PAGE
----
Saturday Morning Sales

Kevin Latchford


EOY Planning - December 5, 2015

Wow, this year has sure gone by quick. Those words have been flying around my office all week. And they are true, this year really has gone by quickly. Either that or I’m just getting old…probably both.


Every year since I began my career I enter the month of December with the idea that I will plan ahead for the start of a new calendar year. In the early years I’d procrastinate and then pay the price. I eventually learned my lesson and took the planning process seriously and have continued to this day.


I am often asked, however, if it’s really a big deal to plan for nothing more than a calendar change. What is really the difference in moving into the new month of January versus moving into the new month of September? Isn’t it just a date? And, if it’s just a date, why so much worry around planning?


The short answer is yes, it is just a date, but for many it is a fresh start. It is a fresh start to their annual budget, the money the customer/client can spend with you, or a fresh start to your customers/clients own list of projects. Since an overwhelming amount of companies now work on a calendar-fiscal year, January 1st is both a real start to the fiscal spending season for you, but also gives many the sense of renewal they need to forge ahead with their own business plans.


On a personal level, think of all of the New Year’s resolutions people make, and more importantly why they make them. With doing the research I am not going to pretend I know when this tradition came from. What I do know and what we as a society have been shown & told, is that the New Year is a time of personal renewal, a time to start things over again. And, this has also trickled into our business lives.


Our own company’s set annual sales goals based upon revenue and gross profit. They set goals on adding or releasing to the market new services or products. Goals by the company are then broken down by department, and for the sales teams and sales reps, these become our own goals for which performance will be measured.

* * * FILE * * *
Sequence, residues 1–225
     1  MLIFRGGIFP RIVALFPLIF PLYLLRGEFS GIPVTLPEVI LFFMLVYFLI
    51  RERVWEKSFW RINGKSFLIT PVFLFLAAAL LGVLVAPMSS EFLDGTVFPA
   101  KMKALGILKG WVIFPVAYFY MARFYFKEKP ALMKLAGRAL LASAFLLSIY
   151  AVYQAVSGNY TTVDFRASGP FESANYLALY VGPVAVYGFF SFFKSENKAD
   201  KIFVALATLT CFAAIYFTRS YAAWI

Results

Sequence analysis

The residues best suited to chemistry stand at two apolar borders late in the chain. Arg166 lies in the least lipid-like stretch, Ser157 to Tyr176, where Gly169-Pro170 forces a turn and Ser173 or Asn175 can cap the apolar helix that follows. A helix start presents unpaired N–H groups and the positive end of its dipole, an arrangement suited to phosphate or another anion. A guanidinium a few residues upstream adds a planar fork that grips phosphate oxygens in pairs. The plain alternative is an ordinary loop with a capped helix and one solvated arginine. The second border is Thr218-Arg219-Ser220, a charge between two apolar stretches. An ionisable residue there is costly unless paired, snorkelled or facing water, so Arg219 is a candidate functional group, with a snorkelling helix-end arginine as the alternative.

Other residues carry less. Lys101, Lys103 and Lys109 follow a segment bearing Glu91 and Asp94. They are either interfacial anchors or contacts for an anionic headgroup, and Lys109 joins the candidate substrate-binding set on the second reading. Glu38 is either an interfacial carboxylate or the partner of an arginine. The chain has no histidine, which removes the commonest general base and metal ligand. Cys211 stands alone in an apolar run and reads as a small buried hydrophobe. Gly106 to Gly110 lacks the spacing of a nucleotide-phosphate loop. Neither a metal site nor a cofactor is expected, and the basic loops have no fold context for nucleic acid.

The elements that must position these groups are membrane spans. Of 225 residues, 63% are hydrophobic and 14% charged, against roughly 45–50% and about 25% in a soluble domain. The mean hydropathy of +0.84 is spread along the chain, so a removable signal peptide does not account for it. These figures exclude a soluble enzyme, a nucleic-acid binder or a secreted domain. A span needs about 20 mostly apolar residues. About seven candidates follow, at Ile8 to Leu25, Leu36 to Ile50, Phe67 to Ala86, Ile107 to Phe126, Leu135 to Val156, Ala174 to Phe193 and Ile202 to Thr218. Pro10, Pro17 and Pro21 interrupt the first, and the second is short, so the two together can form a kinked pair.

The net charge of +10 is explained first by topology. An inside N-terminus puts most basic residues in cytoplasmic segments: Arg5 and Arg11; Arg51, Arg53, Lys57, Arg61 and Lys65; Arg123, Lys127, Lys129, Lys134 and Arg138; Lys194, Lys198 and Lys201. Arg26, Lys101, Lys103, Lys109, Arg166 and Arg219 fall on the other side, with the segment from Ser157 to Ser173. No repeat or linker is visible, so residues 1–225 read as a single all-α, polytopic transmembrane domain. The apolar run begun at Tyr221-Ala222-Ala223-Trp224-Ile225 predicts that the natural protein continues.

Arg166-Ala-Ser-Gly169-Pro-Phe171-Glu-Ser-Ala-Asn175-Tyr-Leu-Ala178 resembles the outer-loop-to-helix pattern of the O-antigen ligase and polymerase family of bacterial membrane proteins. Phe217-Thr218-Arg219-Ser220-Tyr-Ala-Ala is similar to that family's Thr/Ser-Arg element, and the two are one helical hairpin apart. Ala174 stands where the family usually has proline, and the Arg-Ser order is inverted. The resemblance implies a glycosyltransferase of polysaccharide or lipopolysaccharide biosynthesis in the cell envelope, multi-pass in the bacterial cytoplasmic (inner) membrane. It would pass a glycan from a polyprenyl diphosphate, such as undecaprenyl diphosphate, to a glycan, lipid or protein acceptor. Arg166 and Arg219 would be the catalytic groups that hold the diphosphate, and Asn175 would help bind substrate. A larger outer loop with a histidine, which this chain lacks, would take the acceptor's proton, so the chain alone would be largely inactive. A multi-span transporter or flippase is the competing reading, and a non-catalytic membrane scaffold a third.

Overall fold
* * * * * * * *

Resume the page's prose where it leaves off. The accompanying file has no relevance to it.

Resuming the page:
And so, for the sales reps out there, don’t hesitate. Begin today, if you haven’t already, in preparing your EOY plans. Set your goals for the New Year. Work closely with your management on what is expected, and then prepare your own plan on hitting those expectations. And, finally, be proactive. Don’t wait for your manager to set your goal, rather set your own goals. 

Finding Time When Your Calendar Is Full - November 28, 2015

If you’ve ever heard the saying, “the clock is your enemy”, well then you probably played sports at some time. However, have you ever heard the saying, “the calendar is your best friend”? If so, you must be a sales person. I not only love the saying, but I wholeheartedly believe in this saying. So, what do you do then when you feel as though the calendar is full?


I have yet to meet a sales person that hasn’t struggled, even a little bit, with time management at some point in their career. And, the most common thought, the calendar is full so how can I squeeze anything else in there? This week’s post, although brief, is for my own team members as you enter the final month of the calendar year. Yes, it will be very busy, but you can always fit in one more call or one more email.


I remember the early days of my career, the pre-Internet / pre-cell phone / pre-smart device / pre-mobile existence days, when accessing work information required you be in the office (regardless of whether the office was in or out of the home). Today, however, work is at your fingertips. And, because you can access your office anywhere at any time, there seems to be an expectation that you can and should do more. To a certain extent this is true, but a sales manager must also manage with an expectation that his or her sales team also have personal lives.


Assuming for a moment you have a great sales manager, one that encourages you to spend quality time with family and friends, then how can you squeeze in one more call or one more email? Planning!


Having your calendar on your computer and smart device can be the best tool in your sales arsenal, as long as you use it to its full extent. Here’s how…


Put every single personal and professional appointment in the calendar. I mean every single one. If you don’t want someone in the office to know about your unusual rash and subsequent doctor appointment, mark it private. If you don’t care that your coworkers know that your daughter has a piano recital tonight, then don’t mark it private. The point is…every time you need to be someplace, put it in your calendar.